Scullies can be bought using the in-game purchasing system as well as some freebies gained by linking up a Twitter and/or Facebook account. Going to the store with a few skullies to spend, try out a new character. Currently there are 11 characters to purchase and hurl down large ventilation shafts. Also in the store are upgrades such as health and slow motion. In the power up section items such as shields and Lucky charms are available to help Fred along his quest at falling as long as humanly possible.

They Need To Be Fed Review

They Need To Be Fed Review

Aug 8, 2011

They Need To Be Fed is a physics-based platformer that just seems to get everything right. It’s got a cool concept, precise controls, excellent graphics and great level design. Just about everything comes together to make this game a real winner.

The core concept has you playing as an odd looking silhouette who must run and jump across platforms while avoiding obstacles only to dive head-first into a hungry monster. Why? Because they need to be fed, that’s why. But a concept is nothing without gameplay, and this game has a lot of it.

Unlike most platform games where gravity is a constant and falling means certain doom, in They Need To Be Fed, gravity is relative to the platform you are closest to. You can never fall “down” because you are always being pulled towards platforms hanging in space. Even as you run and jump while completely upside down, there’s nowhere to fall but towards the closest platform. It can become disorienting, but that’s just half the fun.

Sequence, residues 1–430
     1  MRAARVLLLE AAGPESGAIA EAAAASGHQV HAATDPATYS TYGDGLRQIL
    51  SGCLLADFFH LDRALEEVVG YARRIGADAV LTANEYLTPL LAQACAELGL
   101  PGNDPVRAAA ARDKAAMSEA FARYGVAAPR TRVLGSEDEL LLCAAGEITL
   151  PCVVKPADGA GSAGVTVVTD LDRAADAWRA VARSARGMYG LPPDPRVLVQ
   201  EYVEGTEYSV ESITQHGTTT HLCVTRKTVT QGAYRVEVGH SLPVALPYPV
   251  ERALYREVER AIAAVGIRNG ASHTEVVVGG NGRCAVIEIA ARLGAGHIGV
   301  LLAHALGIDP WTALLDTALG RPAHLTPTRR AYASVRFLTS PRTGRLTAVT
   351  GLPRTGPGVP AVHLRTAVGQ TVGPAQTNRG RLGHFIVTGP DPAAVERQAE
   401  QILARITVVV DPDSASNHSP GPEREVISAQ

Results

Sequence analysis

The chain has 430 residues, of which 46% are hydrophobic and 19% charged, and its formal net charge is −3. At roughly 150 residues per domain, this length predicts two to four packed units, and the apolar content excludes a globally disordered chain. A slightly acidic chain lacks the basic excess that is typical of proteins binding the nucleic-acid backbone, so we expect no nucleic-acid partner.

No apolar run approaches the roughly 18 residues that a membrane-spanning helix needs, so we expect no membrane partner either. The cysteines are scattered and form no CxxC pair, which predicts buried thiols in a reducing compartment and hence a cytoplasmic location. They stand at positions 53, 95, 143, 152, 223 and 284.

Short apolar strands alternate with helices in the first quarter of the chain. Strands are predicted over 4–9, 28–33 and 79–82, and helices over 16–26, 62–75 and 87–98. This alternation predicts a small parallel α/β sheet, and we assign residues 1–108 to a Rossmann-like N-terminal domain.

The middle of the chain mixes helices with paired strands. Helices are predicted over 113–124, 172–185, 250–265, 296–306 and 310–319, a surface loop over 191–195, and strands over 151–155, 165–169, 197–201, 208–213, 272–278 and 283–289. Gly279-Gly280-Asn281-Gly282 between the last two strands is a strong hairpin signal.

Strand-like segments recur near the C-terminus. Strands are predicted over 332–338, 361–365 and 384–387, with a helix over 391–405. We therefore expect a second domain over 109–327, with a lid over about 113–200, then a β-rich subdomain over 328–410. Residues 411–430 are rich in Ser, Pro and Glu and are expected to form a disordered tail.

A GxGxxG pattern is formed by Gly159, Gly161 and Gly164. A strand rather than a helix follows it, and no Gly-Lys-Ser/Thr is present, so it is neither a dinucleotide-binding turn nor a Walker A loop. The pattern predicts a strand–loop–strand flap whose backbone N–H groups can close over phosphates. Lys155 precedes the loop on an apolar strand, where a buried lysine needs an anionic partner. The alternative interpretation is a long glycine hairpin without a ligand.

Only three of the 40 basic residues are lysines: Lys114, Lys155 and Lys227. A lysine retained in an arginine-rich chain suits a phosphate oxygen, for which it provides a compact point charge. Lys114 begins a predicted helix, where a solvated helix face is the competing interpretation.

Because it’s so easy to become disoriented, one of the things that can be hardest to grasp is trying to remember which way you are running. While upside down, if you forget to run in the right direction, you might run straight into a spike trap, laser beam or any of the other deadly obstacles that litter each level, including floating orbs that kill on contact and auto-turrets that shoot self-guided missiles. However, the game is very careful about not getting you in over your head too quickly.

They Need To Be Fed has a great way of increasing the difficulty by taking previously established ideas about the world and varying them just enough to keep you guessing. For instance, you might have become comfortable with the idea that certain platforms are stable while others constantly rotate, but how do you deal with a platform that only spins while you’re standing on it or vice versa? You have to be careful when timing your jumps and find a way to plan ahead, even when you have no idea what’s coming next. It can get very overwhelming, but it’s worth it for the fun you’ll be having.

As you go through each level, your ultimate goal is to collect enough diamonds to unlock all 7 levels in all 7 worlds. Additionally, there are “x” levels in each world which are absolutely some of the craziest levels in the game and completely worth the effort of unlocking.

My only complaint about They Need to Be Fed is that it’s short. Very short. You can complete every level in about an hour or two. Even with the achievements, I’m left wanting more.

They Need To Be Fed is a lot of fun. It can get frustrating, but without any real punishment for failure, you can just keep on playing and having a great time. For fans of quirky indie games that offer something unusual, I can’t recommend this game enough.